It was just when Farel was involved in this desperate struggle to persuade the leaders of Geneva to reject Romanism that Calvin arrived, then only 27 years old. Farel immediately saw in Calvin the teacher needed to consolidate the work. But Calvin had no desire to stay in Geneva. He was tired and longed for rest. 'May God curse your rest!!' shouted Farel. These words made Calvin tremble. Later he wrote in the introduction to his Commentary on the Book of Psalms, 'I was terrified by Farel's words and made conscious of being a coward.' So Calvin was persuaded to stay and he began to preach in Geneva. Not long after this the Roman Catholic priests of the nearby city of Lausanne were challenged to a public debate by the Reformers. Of 337 priests only 174 arrived and only 4 had any ability to defend their doctrine. Farel and Viret, a foremost Swiss Reformer of those times, were the spokesmen for the Bible. They took Calvin with them as an observer as he had no experience of these debates. The debate went on for several days. One priest in defence of transubstantiation started to quote from the Early Church Fathers. Farel and Viret were unable to handle this and looked to Calvin for help. Standing up, the latter proceeded to quote from memory passages from the Early Church Fathers, giving the exact source in each case. It was an amazing display of learning and had an electrifying effect on the assembly. The opposition was completely confounded. One priest was converted immediately. As a result of this astonishing performance not only did Lausanne turn Protestant but 200 priests renounced the Roman Catholic Church.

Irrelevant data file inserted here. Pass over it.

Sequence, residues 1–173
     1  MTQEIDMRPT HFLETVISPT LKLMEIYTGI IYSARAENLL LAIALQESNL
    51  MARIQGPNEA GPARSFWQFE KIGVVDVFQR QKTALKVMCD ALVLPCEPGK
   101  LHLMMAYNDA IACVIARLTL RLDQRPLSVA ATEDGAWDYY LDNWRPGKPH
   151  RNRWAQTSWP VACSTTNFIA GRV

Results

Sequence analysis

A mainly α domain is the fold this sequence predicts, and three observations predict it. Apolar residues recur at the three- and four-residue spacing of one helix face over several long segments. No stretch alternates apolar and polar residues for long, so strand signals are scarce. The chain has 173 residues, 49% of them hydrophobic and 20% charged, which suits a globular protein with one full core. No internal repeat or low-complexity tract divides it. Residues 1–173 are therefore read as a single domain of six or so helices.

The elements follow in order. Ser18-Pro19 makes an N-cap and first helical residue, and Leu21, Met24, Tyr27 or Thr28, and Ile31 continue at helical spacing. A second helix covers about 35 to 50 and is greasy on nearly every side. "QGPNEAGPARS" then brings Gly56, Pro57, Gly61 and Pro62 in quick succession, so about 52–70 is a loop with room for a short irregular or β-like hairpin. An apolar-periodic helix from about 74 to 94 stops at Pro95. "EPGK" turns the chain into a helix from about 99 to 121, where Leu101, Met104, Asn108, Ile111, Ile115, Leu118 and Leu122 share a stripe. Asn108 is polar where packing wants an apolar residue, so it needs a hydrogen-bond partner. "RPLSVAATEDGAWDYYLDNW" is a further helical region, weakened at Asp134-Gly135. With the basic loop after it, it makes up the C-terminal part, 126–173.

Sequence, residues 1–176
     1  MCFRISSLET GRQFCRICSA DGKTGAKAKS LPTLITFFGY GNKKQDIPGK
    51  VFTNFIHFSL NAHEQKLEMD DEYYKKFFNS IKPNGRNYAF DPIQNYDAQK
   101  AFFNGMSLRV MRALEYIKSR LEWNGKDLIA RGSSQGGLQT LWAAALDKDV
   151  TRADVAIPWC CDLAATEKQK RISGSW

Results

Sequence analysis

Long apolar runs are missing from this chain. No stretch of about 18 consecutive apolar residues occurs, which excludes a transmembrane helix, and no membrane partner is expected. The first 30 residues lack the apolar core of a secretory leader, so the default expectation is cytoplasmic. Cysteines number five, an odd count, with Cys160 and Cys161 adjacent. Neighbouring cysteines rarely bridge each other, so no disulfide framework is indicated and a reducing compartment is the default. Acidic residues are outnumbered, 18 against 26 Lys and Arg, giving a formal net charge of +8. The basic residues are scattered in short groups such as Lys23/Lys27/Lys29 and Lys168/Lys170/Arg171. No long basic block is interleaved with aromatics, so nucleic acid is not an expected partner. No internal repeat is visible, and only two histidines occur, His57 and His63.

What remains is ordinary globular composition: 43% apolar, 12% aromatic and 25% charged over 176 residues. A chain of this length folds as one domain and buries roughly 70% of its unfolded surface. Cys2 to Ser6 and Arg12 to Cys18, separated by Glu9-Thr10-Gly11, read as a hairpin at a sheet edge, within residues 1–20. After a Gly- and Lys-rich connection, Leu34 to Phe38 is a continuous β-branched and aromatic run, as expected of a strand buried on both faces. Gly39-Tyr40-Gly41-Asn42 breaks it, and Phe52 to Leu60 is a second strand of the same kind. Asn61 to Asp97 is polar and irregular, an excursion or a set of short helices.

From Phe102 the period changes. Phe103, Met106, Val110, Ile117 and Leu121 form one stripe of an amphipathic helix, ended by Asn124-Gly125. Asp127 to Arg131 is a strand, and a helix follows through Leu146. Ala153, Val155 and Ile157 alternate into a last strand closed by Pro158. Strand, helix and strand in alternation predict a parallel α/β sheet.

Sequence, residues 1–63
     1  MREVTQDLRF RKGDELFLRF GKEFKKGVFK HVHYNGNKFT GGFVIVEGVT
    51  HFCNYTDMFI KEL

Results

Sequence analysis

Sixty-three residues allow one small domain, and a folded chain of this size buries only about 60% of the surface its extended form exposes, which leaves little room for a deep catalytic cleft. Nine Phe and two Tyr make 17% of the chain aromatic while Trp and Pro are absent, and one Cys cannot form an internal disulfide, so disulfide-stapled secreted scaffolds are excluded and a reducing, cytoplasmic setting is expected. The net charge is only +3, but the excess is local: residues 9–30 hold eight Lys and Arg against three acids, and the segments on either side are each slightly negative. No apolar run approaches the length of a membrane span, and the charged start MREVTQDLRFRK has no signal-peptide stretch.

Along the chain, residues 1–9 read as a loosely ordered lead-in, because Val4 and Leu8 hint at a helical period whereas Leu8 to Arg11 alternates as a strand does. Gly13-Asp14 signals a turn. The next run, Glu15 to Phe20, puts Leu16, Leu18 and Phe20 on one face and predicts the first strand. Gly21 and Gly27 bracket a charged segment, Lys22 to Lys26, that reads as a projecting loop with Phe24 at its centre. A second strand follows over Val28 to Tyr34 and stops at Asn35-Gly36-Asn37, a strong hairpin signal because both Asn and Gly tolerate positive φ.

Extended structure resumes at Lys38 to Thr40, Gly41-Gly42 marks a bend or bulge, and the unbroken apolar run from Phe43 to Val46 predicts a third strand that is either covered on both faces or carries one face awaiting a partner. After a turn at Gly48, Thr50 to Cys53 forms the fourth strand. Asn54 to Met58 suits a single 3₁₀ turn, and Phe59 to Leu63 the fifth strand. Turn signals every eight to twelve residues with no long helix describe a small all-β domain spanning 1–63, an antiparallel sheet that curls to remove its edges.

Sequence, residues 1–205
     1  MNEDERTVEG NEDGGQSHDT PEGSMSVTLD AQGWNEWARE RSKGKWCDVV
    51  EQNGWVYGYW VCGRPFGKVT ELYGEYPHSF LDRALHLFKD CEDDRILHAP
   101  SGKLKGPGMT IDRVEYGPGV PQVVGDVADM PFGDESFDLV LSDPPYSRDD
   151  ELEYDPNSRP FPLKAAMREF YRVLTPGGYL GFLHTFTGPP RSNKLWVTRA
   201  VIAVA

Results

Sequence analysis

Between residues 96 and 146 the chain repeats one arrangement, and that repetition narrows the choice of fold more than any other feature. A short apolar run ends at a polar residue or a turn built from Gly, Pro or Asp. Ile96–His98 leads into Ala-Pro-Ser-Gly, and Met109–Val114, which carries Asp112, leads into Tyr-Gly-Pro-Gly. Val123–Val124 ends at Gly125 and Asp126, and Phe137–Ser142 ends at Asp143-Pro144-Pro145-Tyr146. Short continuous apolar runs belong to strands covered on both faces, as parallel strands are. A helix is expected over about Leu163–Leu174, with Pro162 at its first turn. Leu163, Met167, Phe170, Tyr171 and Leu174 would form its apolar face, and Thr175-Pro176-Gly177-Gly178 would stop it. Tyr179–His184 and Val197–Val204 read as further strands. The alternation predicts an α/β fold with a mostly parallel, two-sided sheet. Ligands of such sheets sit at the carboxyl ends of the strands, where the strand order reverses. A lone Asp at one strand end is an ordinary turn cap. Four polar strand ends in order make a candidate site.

The work in Geneva however was not easy. Calvin wished to bring everything under the authority of Scripture. The City Council would not agree and this led to such a division that they expelled Calvin who then went to live in Strasbourg. There he was influenced by two outstanding Reformers, Bucer and Capito. They recognized Calvin's gifts and invited him to pastor a church with a congregation numbering 500 which he did from 1538 to 1541.

It was in 1541 that a Roman Catholic cardinal by the name of Sadoleto wrote to the Council of Geneva inviting them to return to the Roman Catholic Church. Sadoleto badly miscalculated because the people hated Romanism even though they had not agreed to all Calvin's reforms. They did not know how to reply to Sadoleto's letter. The humble course was followed which was to invite Calvin to return to Geneva. At first he refused but when he did return it was through a long and patient work that Geneva became the foremost centre for Protestantism, a city where many persecuted Christians from all over Europe were able to find refuge as well as a ministry that inspired them with missionary zeal.